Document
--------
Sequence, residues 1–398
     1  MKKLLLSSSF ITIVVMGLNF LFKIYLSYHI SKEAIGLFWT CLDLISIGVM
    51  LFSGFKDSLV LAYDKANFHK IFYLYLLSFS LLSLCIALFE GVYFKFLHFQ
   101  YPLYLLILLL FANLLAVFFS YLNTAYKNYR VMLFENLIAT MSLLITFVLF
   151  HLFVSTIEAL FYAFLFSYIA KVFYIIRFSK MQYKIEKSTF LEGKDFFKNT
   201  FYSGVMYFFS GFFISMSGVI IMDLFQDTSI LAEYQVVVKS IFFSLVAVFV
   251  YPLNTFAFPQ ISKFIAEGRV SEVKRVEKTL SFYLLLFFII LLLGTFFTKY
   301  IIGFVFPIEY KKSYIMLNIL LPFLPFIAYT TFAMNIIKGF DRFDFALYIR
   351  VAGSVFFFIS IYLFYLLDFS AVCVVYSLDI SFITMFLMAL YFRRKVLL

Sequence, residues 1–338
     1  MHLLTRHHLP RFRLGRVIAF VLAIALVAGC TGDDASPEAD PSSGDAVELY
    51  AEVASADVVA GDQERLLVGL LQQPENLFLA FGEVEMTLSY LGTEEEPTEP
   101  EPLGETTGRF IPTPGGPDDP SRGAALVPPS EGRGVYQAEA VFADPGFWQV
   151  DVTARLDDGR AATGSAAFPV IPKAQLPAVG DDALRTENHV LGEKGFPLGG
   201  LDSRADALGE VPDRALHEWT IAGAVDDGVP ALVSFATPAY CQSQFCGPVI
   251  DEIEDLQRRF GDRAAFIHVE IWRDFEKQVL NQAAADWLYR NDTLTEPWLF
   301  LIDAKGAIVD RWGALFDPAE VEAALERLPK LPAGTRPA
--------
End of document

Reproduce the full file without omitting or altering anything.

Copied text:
Sequence, residues 1–398
     1  MKKLLLSSSF ITIVVMGLNF LFKIYLSYHI SKEAIGLFWT CLDLISIGVM
    51  LFSGFKDSLV LAYDKANFHK IFYLYLLSFS LLSLCIALFE GVYFKFLHFQ
   101  YPLYLLILLL FANLLAVFFS YLNTAYKNYR VMLFENLIAT MSLLITFVLF
   151  HLFVSTIEAL FYAFLFSYIA KVFYIIRFSK MQYKIEKSTF LEGKDFFKNT
   201  FYSGVMYFFS GFFISMSGVI IMDLFQDTSI LAEYQVVVKS IFFSLVAVFV
   251  YPLNTFAFPQ ISKFIAEGRV SEVKRVEKTL SFYLLLFFII LLLGTFFTKY
   301  IIGFVFPIEY KKSYIMLNIL LPFLPFIAYT TFAMNIIKGF DRFDFALYIR
   351  VAGSVFFFIS IYLFYLLDFS AVCVVYSLDI SFITMFLMAL YFRRKVLL

Sequence, residues 1–338
     1  MHLLTRHHLP RFRLGRVIAF VLAIALVAGC TGDDASPEAD PSSGDAVELY
    51  AEVASADVVA GDQERLLVGL LQQPENLFLA FGEVEMTLSY LGTEEEPTEP
   101  EPLGETTGRF IPTPGGPDDP SRGAALVPPS EGRGVYQAEA VFADPGFWQV
   151  DVTARLDDGR AATGSAAFPV IPKAQLPAVG DDALRTENHV LGEKGFPLGG
   201  LDSRADALGE VPDRALHEWT IAGAVDDGVP ALVSFATPAY CQSQFCGPVI
   251  DEIEDLQRRF GDRAAFIHVE IWRDFEKQVL NQAAADWLYR NDTLTEPWLF
   301  LIDAKGAIVD RWGALFDPAE VEAALERLPK LPAGTRPA